How often do you update your Web site? I’m not talking about nifty functions that put today’s date on the page. I’m not even referring to Just-in-Time (JIT) systems that dynamically update your site according to inventory levels. What I mean is, how often does someone look at your site with a critical eye, finding areas that are in need of immediate change?
After all, your company goes through changes every day. The business climate you operate within is in constant flux. If your Web site isn’t constantly shifting to keep up, you might have troubles.
Just ask U.S. Congressman Gary Condit (D-California). Infamous for his “close relationship” with still-missing intern Chandra Levy, Condit has earned more demerits with the failure to update his official Web site.
As the controversy surrounding Condit’s connection with Levy grew, the Condit Web site remained unaffected for weeks. Prominent on the site was a large button advertising “Intern Opportunities,” a link that, at a minimum, one could argue was not a politically savvy choice to offer.
However, the point here is not to teach Condit a lesson — there are plenty of others who want to do that. The fact is, e-commerce itself should pay attention to what happened, or didn’t happen, with the Condit Web site.
Now, I know Condit has had a lot on his mind lately. But really, in all those meetings he’s undoubtedly had with staff and advisors — discussions on the best ways to handle the press and damage control strategy sessions — you’d think somebody would have mentioned the Web site sooner.
The lesson for all of us is no matter how caught up in everyday crossfire we get, don’t forget the Web updates. Especially during the times of emergencies, tragedies and just plain bad press, your site should be part of your first line of defense. At least, it shouldn’t add to your problems.
Outdated links and stale information can cost you sales. Customers looking for this week’s news who find last month’s news will consider your site dead in the water.
Good News Turns Bad
Case in point: the “Current Updates” section on the front page of Condit’s site features a link to a January 31st story published by The Modesto Bee, the hometown newspaper that recently called for Condit’s resignation. What once was part of an effective sales pitch is now an embarrassment.
Likewise, sections on your company Web site that were once acceptable and favorable can become quickly become ironic or, worse, completely inappropriate. You’re already following the news stories published about your company and your industry. Be sure to track whether the latest news requires an update to your site.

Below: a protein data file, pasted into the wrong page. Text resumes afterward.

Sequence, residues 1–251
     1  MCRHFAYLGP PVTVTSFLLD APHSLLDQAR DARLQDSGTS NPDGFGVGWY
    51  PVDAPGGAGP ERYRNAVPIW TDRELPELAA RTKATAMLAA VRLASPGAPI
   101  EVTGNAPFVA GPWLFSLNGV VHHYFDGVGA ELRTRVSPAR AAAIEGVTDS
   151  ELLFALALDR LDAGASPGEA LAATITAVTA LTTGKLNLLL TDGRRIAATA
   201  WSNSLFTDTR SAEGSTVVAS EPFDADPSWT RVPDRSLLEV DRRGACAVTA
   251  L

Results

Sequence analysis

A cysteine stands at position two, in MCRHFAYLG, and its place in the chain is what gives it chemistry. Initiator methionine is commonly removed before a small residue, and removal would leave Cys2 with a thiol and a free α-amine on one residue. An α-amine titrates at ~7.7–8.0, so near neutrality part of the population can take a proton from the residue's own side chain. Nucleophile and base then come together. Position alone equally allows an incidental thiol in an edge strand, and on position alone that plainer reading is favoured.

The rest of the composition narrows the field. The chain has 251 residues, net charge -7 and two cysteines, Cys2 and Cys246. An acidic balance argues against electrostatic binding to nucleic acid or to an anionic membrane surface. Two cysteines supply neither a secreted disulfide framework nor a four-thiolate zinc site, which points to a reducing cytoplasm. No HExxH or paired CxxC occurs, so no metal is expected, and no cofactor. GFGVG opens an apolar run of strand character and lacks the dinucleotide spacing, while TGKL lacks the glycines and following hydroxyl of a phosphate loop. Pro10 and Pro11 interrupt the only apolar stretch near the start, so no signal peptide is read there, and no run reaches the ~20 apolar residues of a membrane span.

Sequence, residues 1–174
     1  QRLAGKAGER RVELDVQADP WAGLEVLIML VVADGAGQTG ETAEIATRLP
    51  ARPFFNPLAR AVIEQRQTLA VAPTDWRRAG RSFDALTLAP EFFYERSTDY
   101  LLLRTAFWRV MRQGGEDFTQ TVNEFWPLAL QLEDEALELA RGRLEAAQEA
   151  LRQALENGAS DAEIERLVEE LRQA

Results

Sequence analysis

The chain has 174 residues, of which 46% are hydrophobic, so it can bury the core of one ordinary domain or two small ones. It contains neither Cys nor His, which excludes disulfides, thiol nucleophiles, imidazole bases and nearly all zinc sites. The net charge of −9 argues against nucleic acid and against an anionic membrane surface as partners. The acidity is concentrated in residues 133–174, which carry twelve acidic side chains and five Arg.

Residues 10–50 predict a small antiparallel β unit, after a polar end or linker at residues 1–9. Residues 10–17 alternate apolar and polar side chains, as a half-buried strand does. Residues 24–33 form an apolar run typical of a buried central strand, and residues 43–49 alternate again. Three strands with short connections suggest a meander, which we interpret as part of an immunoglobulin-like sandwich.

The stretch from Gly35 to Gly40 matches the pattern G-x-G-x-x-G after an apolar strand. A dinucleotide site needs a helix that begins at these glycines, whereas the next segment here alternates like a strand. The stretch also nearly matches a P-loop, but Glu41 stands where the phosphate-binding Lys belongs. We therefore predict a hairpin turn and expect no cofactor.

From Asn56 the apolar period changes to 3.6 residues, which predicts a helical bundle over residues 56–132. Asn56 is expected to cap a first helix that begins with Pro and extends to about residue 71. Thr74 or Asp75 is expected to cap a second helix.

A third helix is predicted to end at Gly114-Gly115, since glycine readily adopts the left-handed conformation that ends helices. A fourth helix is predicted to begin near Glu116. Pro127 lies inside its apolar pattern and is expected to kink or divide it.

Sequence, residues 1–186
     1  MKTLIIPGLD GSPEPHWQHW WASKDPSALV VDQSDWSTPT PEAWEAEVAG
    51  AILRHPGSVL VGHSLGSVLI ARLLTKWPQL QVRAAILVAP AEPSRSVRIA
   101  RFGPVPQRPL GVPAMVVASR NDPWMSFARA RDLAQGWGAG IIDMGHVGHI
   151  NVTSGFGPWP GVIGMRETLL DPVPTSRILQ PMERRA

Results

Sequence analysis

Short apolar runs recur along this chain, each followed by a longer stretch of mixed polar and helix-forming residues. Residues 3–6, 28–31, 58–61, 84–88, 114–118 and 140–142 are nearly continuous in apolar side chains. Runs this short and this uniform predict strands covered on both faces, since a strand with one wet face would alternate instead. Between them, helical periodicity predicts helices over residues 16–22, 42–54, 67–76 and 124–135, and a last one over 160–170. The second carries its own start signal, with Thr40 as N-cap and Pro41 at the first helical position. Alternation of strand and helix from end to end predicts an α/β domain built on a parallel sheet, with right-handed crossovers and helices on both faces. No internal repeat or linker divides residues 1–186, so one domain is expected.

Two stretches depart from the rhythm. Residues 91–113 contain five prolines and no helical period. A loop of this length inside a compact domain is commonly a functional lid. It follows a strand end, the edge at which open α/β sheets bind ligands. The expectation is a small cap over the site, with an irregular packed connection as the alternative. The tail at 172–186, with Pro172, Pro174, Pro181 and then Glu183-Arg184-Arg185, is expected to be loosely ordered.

The internship button on Condit’s site is certainly an embarrassing slip through the cracks. Click on it and it takes you to a handy form to fill out, above which is written, “Whether interning in Modesto, Merced, or Washington D.C., working in one of Rep. Condit’s offices can be an extremely rewarding experience.”
Yes, despite the disappearance of Levy, the people of Modesto need interns for their representatives in government — just as an e-tailer still needs employees even when some bad press comes its way. However, the wording of the pitch should always be considered against the news of the day. If your e-business is still touting to potential employees the thrill of watching those stock options grow, for example, it’s time to revise.
Your Site on Your Side
Web sites serve so many roles for a company: information conduit, sales tool, public relations and marketing mechanism, image builder. If the site is outdated or no longer reflects where you and your company stand, it is hurting, not helping matters.
Automatic updates, no matter how sophisticated, are not enough. A regularly scheduled and thorough review of every section of the site by someone who knows the company — and the business and political landscape — is necessary. Don’t let a machine do the work of a real-life editor.
Next time you update your marketing materials and train your phone staff to handle a change in the climate or a breaking news story about your company, make updating the Web site part of the master plan. It may be the fastest way — and sometimes the only way — that your customers will hear your side of the story.
What do you think? Let’s talk about it.
Note: The opinions expressed by our columnists are their own and do not necessarily reflect the views of the E-Commerce Times or its management.
It used to be a big problem for our gig guide, but there’s an Australian company that we’ve found very helpful with a service they call “Website Gardening”. They basically just get someone to periodically check the site as a user would and send you a report whether they find anything or not – problem solve (mostly).
If anyone’s interested, they’re at http://www.internet-thinking.com.au.
Bun’ Ber E Celtic Bands